Gary Prouk 1944 – 2013

Canadian marketing loses a legend

Jeromy Lloyd March 08, 2013

Canadian marketing loses a legend

Gary Prouk in 2005, for an article on Canadian beer marketing

Gary Prouk, one of the most prominent figures in Canadian advertising, has passed away.

Known for his eloquence, strong opinions and cutting wit, Prouk began his advertising career at MacLaren Advertising after moving from Toronto to New York to try his hand at writing and poetry.

“They hired me at $35 a week ($1,800 a year) to write ads for Hunt’s and Woman’s Bakery and Eno’s Fruit Salts,” Prouk told Doug Linton for a 2008 profile in Marketing. From there, his talent and passion for advertising grew when, working at Ronalds-Reynolds, he began working on the Ballantine’s whisky account, for which he won a New York Art Director’s Show award.

“I knew I had a talent for writing advertising,” he said. “And I was really impressed with the fact something you created could be seen by millions.”

He first came to prominence in Canada when he joined the just-opened Toronto office of DDB in 1967. He would be named its creative director at the age of 26 and move to New York before returning to Canada to become CD and chairman of Scali McCabe Sloves (SMS) in 1978, where he stayed until 1994.

In his various senior roles at Canadian agencies, Prouk had strong connections to several of the industry’s biggest names – leaders such as Bill Bernbach, one of DDB’s founding fathers. Writing to Bernbach to resign from the agency in 1978 was a painful experience. “He and my mother gave me my value system,” he told Linton. “DDB was the family I never really had. Bill was the father I always wanted.”

In turn, Prouk himself became a defining figure in many careers that now shape Canadian agencies.

“He’s the reason I became a writer. He’s the reason I’m in advertising.” said Brett Channer, president and CCO of Red Lion. Prouk hired him in 1986 to join the account team at Scali (an agency that famously won Labatt Blue, “probably the lengthiest, most hotly contested account acquisition in the history of Canadian advertising” according to Linton). However, Channer said Prouk’s love of language inspired him to switch to the agency’s creative team.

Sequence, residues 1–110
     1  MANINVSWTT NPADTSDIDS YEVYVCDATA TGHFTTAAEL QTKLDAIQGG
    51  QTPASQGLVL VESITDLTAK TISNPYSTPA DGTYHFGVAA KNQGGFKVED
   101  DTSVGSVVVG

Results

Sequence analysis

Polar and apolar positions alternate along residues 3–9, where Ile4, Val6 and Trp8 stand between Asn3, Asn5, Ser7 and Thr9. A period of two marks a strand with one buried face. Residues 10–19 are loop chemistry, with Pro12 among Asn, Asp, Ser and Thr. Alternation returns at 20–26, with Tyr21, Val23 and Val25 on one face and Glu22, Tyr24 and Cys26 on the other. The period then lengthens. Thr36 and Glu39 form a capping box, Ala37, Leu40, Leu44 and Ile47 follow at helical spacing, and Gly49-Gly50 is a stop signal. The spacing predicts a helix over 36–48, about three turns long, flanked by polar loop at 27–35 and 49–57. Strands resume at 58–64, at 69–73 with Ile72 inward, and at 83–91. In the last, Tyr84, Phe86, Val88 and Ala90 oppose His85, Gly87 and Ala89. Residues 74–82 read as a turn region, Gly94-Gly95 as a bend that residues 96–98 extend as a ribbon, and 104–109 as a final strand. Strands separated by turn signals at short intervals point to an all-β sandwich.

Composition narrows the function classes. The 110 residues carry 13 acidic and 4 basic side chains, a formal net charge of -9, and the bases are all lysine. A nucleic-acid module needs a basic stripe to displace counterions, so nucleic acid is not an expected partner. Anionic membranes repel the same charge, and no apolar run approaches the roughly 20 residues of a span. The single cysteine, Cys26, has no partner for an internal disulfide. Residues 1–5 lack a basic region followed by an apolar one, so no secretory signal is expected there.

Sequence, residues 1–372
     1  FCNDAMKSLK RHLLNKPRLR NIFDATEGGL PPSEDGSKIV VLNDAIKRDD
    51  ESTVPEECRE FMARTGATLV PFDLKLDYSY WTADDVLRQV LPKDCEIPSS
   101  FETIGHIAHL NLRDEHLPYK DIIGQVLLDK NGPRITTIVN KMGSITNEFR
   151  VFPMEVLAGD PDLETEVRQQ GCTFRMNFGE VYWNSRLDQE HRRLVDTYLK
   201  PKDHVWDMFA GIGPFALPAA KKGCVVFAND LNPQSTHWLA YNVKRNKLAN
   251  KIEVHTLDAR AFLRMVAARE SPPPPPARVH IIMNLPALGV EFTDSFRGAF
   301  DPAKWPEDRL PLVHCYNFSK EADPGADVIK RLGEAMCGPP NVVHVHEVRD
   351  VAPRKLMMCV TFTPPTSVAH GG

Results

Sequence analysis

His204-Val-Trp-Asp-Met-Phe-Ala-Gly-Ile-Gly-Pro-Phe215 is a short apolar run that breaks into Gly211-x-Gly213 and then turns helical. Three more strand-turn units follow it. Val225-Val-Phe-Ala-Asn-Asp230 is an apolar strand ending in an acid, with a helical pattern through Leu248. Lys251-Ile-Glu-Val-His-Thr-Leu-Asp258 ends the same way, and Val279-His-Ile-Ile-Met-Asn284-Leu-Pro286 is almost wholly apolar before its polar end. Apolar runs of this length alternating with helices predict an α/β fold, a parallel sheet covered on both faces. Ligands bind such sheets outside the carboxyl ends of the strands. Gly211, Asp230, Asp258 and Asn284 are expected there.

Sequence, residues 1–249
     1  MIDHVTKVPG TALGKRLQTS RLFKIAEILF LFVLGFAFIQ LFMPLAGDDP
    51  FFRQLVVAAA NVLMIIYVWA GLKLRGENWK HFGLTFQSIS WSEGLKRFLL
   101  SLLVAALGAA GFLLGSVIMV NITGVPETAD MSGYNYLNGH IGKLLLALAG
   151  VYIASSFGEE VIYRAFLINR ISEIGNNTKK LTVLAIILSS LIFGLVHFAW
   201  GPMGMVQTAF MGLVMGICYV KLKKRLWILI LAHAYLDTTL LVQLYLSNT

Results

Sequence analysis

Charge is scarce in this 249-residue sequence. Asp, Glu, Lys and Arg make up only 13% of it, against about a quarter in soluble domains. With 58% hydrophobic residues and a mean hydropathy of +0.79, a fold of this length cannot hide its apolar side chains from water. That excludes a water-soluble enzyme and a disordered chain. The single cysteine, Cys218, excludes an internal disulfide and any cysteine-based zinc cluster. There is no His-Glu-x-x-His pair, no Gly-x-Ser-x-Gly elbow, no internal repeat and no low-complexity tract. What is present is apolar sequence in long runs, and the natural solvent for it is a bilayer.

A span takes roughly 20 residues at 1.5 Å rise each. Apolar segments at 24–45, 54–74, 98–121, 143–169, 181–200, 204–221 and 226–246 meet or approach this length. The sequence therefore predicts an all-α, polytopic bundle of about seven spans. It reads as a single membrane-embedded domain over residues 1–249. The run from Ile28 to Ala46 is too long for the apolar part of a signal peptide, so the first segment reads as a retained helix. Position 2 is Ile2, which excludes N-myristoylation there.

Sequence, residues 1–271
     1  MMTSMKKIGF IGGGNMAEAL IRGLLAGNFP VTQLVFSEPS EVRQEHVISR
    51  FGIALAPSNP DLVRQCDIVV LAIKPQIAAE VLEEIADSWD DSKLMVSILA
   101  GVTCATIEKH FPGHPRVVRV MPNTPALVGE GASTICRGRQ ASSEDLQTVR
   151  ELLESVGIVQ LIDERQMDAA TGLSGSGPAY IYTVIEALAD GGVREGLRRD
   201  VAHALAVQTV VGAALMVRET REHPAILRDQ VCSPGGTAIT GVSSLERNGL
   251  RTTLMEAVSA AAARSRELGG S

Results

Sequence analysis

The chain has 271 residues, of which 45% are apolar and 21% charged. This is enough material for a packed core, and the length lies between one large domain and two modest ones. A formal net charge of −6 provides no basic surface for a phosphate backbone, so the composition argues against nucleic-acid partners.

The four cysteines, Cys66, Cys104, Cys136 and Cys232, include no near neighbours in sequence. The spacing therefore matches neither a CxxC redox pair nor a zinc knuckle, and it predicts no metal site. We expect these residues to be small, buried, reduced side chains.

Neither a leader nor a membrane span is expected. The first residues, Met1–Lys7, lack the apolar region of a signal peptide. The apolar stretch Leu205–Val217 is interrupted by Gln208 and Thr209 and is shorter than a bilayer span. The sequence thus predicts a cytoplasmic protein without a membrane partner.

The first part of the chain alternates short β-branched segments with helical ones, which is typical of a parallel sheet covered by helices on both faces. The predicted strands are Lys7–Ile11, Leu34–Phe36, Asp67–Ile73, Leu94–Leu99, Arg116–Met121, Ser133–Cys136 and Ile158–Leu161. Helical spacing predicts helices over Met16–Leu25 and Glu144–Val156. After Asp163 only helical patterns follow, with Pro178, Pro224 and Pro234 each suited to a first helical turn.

“He was a genius who intimidated the hell out of me, but as I got to know him I realized that he was a very kind man,” Channer said. “He taught me all the important things of what an ad’s supposed to do, how to write a brief, how to come at an idea as a team.

“He was very much a play-hard-work-hard kind of guy. At Scali, he taught me how to really push everything – the idea, the team, yourself – but to reward yourself as well.”

Prouk shared many anecdotes from his lengthy career with Linton, now chair of the Canadian Advertising Museum, for the profile a lengthy bio in 2008 called “Passion of the Prouk,” which includes more details on Prouk’s history in the industry.

At the time of his death, Prouk was a partner at Sebastian Consultancy alongside his wife and business partner Susan Andrews. Sebastian has overseen work for clients such as Natrel and Lindt, among others.